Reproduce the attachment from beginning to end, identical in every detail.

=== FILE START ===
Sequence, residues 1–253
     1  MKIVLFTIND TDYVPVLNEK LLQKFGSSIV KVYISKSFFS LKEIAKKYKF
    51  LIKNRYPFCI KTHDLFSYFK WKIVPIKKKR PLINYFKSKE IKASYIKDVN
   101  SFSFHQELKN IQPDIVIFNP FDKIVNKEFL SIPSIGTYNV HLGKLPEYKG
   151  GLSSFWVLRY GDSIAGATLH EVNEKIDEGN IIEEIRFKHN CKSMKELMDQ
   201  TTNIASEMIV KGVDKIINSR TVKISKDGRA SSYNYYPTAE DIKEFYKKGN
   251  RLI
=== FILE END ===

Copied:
Sequence, residues 1–253
     1  MKIVLFTIND TDYVPVLNEK LLQKFGSSIV KVYISKSFFS LKEIAKKYKF
    51  LIKNRYPFCI KTHDLFSYFK WKIVPIKKKR PLINYFKSKE IKASYIKDVN
   101  SFSFHQELKN IQPDIVIFNP FDKIVNKEFL SIPSIGTYNV HLGKLPEYKG
   151  GLSSFWVLRY GDSIAGATLH EVNEKIDEGN IIEEIRFKHN CKSMKELMDQ
   201  TTNIASEMIV KGVDKIINSR TVKISKDGRA SSYNYYPTAE DIKEFYKKGN
   251  RLI